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Old 12-23-2003, 03:05 AM
TC Robertson
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Too much on your electroplate

David I have a bit of experience in electroforming on glass. I helped set up Pilchucks bath in 86 and took Micheal Glancy's class the next year. I have had a tank since 88 and have done work for a few artists including Martin Blank.
Its an involved deal to keep the chemistry right. Good to have a testing set up, for acid and copper. Plating suppliers will test your solution for a fee. I got a dag formula from the Metal Finishing Handbook which is laquer(sp?) laquer thinner and copper dust. I have a big can of copper powder, and would part with some ($15 for 4 oz) and you can mix it up yourself. It came from Cresent Bronze Powder in Chicago or LA. I will send the formula with the copper. Don't go for too small a bath, 20 gall. is the smallest I'd do. My small is 35 and medium 100, super duper, 250! I have never fired it up, too much $$. You can use agricultural copper sulfate and technical sulphuric acid to save money, but you must decontaminate the mix first.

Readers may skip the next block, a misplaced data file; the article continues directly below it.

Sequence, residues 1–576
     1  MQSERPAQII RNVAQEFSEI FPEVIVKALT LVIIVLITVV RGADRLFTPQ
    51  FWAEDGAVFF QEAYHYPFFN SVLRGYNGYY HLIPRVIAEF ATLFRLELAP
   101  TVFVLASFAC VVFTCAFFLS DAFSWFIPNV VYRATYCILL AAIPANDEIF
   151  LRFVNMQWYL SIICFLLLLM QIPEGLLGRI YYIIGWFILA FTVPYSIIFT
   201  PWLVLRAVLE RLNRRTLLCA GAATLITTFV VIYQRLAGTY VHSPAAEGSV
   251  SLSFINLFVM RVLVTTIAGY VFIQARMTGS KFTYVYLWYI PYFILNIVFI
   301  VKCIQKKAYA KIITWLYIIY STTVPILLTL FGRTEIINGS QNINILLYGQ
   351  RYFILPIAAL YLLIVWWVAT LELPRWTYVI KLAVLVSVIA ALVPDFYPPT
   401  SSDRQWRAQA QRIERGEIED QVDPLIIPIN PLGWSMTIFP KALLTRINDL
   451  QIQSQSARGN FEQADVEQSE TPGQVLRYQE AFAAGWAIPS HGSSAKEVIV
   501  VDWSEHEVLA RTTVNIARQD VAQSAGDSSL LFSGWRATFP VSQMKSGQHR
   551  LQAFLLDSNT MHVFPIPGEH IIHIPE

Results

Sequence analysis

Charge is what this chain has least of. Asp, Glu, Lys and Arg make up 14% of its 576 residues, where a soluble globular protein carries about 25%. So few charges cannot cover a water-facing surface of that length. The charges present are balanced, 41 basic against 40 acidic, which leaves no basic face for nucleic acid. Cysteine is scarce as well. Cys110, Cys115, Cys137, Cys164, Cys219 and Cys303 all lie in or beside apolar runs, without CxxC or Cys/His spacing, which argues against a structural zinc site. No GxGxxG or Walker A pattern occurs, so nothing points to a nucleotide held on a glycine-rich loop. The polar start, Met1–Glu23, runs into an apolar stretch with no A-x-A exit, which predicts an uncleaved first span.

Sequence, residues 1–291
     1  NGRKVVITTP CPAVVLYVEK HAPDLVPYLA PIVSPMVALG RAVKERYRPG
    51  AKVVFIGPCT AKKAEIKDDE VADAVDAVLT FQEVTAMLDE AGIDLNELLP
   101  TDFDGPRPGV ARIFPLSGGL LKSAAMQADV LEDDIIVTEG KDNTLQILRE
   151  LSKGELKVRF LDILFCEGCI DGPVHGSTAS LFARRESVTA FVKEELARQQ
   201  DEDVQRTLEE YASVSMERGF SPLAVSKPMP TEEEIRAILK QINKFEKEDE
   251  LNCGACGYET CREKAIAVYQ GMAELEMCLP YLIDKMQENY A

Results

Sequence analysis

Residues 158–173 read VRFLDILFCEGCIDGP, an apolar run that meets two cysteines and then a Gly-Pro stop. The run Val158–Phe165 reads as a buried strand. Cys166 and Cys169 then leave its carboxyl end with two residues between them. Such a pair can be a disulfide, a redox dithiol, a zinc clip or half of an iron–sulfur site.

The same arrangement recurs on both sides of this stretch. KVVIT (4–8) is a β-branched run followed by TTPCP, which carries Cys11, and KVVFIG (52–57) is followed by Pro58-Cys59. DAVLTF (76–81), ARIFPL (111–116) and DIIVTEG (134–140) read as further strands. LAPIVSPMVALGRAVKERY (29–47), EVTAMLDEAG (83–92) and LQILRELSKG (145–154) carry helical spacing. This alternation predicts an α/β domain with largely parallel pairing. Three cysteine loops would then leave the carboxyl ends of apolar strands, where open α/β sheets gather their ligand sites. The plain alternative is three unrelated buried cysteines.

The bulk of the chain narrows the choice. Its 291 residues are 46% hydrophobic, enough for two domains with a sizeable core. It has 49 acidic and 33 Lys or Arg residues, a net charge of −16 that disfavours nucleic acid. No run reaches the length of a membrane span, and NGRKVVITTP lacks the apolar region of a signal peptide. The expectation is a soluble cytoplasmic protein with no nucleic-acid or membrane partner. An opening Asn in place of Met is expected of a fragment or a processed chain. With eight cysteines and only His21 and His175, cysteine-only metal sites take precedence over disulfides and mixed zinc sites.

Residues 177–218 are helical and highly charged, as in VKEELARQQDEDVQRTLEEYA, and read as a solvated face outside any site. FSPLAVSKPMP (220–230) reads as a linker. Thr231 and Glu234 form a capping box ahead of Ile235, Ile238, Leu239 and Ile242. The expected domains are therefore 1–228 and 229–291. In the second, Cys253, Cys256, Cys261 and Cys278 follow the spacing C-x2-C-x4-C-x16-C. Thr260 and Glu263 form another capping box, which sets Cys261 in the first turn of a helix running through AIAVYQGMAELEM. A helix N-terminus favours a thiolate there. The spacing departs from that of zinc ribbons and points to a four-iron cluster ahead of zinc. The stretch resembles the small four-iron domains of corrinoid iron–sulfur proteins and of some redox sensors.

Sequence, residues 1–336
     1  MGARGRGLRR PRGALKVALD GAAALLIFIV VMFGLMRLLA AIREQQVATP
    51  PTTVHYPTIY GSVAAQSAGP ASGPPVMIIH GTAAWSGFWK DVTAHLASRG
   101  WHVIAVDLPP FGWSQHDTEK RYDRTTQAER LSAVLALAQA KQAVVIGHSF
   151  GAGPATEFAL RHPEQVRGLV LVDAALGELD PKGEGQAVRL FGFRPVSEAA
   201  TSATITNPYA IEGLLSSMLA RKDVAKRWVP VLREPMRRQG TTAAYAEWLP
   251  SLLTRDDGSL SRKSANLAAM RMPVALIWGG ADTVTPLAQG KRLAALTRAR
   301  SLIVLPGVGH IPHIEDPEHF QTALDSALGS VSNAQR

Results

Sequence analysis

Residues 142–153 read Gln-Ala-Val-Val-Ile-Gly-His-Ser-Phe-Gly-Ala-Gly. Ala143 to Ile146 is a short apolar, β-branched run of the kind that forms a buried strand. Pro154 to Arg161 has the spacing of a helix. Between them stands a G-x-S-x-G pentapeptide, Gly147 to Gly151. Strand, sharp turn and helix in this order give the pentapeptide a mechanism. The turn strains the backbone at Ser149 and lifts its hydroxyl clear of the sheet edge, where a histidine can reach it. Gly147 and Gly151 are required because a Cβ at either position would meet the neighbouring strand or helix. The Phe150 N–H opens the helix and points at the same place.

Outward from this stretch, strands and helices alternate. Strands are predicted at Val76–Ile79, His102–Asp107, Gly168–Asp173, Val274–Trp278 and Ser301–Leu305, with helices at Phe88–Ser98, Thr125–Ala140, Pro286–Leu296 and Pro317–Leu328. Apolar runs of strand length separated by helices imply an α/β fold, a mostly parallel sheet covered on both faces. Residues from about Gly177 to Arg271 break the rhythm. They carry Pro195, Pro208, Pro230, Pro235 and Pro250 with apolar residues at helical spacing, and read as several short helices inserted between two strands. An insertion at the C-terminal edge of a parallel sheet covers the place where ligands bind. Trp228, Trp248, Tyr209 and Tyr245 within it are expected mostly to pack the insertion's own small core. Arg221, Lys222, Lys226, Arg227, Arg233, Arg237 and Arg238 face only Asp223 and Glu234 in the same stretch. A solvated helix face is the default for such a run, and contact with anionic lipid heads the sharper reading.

There are certain additives that make the metal go on hard or softer, talk to your local plating suppliers about these. Its good to know just what you want. Big anodes! in bags! get em, use em. It make a diference in the long run. The anodes are doped with phosphorus, and the bags catch it. You must have some stirring action, by pump/filter or bubbler. I make up little plastic baskets wired to conduct and set work in them, rotating every 6-8 hrs. Don't get the voltage over 1 volt. I run about 1/2 to 3/4 volt. Put it on slow like paint, treeing may look cool, but its weak.
Remember it doesn't stick to the glass. Technics is a good supplier for small stuff. PM me and I'll fill in more blanks. Later
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